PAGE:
cc: Dr. Matthew Goldstein, Chancellor, The City University of New York
Dr. William P. Kelly, President, CUNY Graduate Center
Faculty and Professional Staff, CUNY

Monday, June 24, 2013

Open Letter from the Department of Business Management and Finance

Over the last several months president Gould has intervened in the governance of several departments including Accounting, Modern Languages, and Business Management and Finance. Some other departments and programs are also expressing concerns about the role of Deans and the President in the internal governance of their departments.

While the President has the right to overrule the selection of a chair by a department (subject to approval by the Board of Trustees), this right has typically been reserved for extreme situations where a department is completely divided or otherwise unable to manage their own governance. President Gould‘s more recent interventions do not fit this pattern. In the case of Business Management and Finance, the department voted unanimously to reelect Robert Bell as Chair. When they were told that that selection was unacceptable to the President, for reasons that have yet to be stated, the department unanimously supported a second candidate. Despite this, the President continues to insist on bringing in a new chair from outside the college.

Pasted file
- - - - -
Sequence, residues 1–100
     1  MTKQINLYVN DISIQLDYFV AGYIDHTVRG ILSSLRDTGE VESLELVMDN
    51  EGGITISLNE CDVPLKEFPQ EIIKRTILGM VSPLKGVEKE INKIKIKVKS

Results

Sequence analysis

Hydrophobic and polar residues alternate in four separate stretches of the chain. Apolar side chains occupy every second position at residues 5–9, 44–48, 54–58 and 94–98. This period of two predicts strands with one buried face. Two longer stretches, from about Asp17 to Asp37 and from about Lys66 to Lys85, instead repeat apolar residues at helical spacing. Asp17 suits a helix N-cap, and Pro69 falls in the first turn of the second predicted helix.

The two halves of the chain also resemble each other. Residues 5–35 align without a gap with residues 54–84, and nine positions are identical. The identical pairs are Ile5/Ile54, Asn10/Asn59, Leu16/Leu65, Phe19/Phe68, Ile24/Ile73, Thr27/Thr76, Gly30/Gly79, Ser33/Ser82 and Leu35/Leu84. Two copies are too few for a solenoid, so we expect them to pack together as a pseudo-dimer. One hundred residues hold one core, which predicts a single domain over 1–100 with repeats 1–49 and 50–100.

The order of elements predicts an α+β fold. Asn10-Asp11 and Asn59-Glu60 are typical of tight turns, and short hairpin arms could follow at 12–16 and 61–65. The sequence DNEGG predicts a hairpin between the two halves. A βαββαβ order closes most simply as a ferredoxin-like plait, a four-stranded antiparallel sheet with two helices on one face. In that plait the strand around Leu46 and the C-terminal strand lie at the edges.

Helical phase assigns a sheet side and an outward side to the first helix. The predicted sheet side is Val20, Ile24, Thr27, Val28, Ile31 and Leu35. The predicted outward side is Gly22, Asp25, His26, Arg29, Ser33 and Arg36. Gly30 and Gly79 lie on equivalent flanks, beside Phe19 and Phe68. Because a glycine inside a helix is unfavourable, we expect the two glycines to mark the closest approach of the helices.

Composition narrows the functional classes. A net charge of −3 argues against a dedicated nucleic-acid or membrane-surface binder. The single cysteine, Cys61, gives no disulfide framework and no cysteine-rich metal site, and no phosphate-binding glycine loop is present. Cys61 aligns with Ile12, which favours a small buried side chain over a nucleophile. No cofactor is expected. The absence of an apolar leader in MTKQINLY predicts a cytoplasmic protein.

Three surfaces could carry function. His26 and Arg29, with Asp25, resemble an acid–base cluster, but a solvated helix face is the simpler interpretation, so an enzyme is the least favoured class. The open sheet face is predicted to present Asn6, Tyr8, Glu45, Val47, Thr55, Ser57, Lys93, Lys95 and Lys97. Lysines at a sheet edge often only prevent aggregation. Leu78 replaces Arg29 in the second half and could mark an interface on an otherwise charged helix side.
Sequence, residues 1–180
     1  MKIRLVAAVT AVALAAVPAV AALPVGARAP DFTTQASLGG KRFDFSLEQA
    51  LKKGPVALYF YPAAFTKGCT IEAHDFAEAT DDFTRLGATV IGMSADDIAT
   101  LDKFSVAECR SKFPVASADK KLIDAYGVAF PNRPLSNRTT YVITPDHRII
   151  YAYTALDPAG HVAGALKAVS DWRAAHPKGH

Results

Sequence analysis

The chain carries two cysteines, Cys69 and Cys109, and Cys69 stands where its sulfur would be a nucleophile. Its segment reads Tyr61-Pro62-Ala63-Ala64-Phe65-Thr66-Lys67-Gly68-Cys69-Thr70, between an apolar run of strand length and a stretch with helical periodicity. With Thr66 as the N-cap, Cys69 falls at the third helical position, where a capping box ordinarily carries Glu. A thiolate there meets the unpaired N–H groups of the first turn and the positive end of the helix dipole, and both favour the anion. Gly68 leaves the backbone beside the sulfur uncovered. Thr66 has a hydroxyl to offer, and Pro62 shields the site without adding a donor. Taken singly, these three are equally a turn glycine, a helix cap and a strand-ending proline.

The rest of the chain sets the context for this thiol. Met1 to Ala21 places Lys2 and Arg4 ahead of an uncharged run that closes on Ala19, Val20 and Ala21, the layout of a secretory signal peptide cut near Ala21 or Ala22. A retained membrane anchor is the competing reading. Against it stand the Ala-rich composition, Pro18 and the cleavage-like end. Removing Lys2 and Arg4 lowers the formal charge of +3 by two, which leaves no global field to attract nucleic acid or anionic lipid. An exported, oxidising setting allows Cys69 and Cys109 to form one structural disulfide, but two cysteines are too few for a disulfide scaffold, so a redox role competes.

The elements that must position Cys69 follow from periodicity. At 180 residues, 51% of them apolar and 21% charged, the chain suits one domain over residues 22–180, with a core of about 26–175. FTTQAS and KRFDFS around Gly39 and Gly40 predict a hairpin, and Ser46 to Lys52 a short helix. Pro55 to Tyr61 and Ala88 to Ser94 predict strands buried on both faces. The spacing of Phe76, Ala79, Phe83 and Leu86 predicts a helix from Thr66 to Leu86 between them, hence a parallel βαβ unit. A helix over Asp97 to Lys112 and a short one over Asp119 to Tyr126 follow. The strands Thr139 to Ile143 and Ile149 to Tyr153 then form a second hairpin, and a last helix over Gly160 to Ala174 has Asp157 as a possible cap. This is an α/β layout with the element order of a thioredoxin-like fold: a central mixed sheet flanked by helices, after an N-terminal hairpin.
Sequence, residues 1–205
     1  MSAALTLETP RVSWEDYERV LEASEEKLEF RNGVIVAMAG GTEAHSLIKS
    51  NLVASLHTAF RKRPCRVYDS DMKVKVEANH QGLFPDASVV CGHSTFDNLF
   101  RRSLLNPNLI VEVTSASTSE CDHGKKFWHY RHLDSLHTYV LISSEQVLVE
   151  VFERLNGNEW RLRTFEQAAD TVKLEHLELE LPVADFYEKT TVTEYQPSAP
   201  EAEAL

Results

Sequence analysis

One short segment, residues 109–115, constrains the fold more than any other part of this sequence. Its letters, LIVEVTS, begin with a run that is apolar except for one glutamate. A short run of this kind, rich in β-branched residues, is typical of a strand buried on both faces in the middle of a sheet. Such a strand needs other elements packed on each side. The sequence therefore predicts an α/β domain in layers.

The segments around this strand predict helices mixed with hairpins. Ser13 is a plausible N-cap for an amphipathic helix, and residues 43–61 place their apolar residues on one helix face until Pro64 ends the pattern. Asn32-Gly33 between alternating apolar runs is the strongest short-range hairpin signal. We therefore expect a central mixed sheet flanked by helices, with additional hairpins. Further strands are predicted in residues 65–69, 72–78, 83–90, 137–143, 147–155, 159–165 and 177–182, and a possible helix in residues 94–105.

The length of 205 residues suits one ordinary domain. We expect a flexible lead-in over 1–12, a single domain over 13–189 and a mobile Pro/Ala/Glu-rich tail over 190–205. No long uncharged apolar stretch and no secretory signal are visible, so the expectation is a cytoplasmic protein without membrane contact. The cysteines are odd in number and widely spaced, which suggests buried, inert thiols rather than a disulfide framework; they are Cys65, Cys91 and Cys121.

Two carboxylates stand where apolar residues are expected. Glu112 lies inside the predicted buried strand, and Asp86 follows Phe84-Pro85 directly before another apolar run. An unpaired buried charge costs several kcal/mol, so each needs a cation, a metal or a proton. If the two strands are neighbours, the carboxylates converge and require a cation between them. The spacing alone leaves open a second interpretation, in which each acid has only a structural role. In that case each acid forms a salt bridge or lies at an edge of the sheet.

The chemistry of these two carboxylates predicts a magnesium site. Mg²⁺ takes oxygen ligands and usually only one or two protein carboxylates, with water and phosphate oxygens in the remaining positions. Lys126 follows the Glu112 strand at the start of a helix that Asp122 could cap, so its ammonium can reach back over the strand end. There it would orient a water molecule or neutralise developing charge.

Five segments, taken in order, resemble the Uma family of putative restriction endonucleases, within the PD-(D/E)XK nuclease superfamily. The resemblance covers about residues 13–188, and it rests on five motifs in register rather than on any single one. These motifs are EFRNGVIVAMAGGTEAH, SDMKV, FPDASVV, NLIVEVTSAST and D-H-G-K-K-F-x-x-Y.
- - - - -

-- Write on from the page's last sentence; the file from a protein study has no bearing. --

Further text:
Below is an open letter from the members of the Department of Business Management and Finance, who are fighting the President’s decision. We will be posting additional information about the situation in several other departments and programs in the coming weeks. Stay tuned.

Open Letter from the Department of Business Management and Finance